Starting today, families have a special opportunity to get health coverage to protect their children: Open enrollment for child-only insurance plans begins today, Nov. 1, and goes through Dec. 15.
The six-week period allows families to obtain insurance for children who have been previously denied health coverage due to pre-existing conditions. This opportunity is due in large part to state Insurance Commissioner Mike Kreidler, who reacted quickly to large insurers’ attempts to eliminate their child-only plans, which are one option for health coverage for families in our state.
As of Sept. 23, under a provision of the Affordable Care Act – the federal health care reform law – health insurance companies can no longer deny children coverage because of pre-existing conditions. In an attempt to skirt that regulation, a number of insurance carriers across the nation announced that they would stop selling child-only plans.
In response, Kreidler issued an emergency rule creating the special enrollment period, during which time insurers must take all children who apply, regardless of any pre-existing condition. The special enrollment period alleviates insurers’ worries that parents would only get insurance for their children when their kids get sick.
When Regence BlueShield, one of the state’s largest insurers, announced that it too would no longer offer child-only plans, Kreidler stood strong for kids.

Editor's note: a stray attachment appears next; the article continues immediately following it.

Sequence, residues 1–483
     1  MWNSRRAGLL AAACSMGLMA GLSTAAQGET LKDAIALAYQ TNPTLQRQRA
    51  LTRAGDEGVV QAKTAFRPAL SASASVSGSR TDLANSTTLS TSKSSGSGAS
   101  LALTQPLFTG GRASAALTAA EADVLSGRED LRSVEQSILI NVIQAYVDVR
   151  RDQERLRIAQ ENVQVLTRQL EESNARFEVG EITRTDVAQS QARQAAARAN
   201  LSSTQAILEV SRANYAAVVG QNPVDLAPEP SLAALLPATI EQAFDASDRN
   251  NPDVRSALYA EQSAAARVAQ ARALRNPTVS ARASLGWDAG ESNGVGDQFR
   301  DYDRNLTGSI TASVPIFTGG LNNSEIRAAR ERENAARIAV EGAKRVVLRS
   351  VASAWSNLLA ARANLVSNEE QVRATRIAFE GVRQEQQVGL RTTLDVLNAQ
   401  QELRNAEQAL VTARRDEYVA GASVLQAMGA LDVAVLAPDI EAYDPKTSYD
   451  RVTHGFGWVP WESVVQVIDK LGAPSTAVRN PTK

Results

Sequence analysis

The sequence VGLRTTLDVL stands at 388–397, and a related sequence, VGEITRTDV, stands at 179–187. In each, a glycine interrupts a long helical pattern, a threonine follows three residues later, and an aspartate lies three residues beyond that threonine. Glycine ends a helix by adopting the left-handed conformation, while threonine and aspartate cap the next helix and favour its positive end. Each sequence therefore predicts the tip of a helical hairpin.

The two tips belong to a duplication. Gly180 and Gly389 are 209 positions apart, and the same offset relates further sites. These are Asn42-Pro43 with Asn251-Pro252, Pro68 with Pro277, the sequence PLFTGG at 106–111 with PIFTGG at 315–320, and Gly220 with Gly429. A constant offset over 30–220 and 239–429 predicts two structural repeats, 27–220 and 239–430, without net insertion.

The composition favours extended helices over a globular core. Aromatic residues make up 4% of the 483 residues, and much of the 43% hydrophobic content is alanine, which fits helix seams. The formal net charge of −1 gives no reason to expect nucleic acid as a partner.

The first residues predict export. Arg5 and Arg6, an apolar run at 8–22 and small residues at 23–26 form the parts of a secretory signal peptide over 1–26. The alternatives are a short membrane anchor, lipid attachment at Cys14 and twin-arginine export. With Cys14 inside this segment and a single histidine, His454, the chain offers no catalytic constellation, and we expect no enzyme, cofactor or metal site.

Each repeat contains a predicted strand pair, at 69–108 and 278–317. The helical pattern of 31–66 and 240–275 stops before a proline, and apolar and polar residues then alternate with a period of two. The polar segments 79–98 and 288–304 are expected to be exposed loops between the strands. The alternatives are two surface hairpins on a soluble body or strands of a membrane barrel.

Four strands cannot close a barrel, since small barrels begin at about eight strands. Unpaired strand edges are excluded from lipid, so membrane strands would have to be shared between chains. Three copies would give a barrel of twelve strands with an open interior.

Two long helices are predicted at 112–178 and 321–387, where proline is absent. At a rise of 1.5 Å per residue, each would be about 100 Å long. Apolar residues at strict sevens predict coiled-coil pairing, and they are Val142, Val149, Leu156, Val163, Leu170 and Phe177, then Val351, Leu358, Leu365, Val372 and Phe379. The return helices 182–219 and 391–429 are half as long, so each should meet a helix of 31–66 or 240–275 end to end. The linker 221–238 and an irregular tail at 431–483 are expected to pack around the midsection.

"Regence is in clear violation of state law that prohibits insurers from denying insurance to people on the basis of age," he told SeattlePI.com. "I was shocked and deeply disappointed when Regence announced its decision last week to stop selling insurance to kids."
Kreidler then issued a cease and desist order, with which Regence has complied.
As Washington’s largest provider of individual health plans, Regence currently covers 2,500 kids on its child-only plans. The company’s attempt to stop offering these plans represents a move to limit health coverage options and avoid regulations in the new federal health care law. Doing so would hinder working families’ efforts to protect their children, just as the recession’s impact virtually guarantees that employer-based coverage remains scarce.
We applaud Mike Kreidler for standing up to a policy that would harm children and families in our state.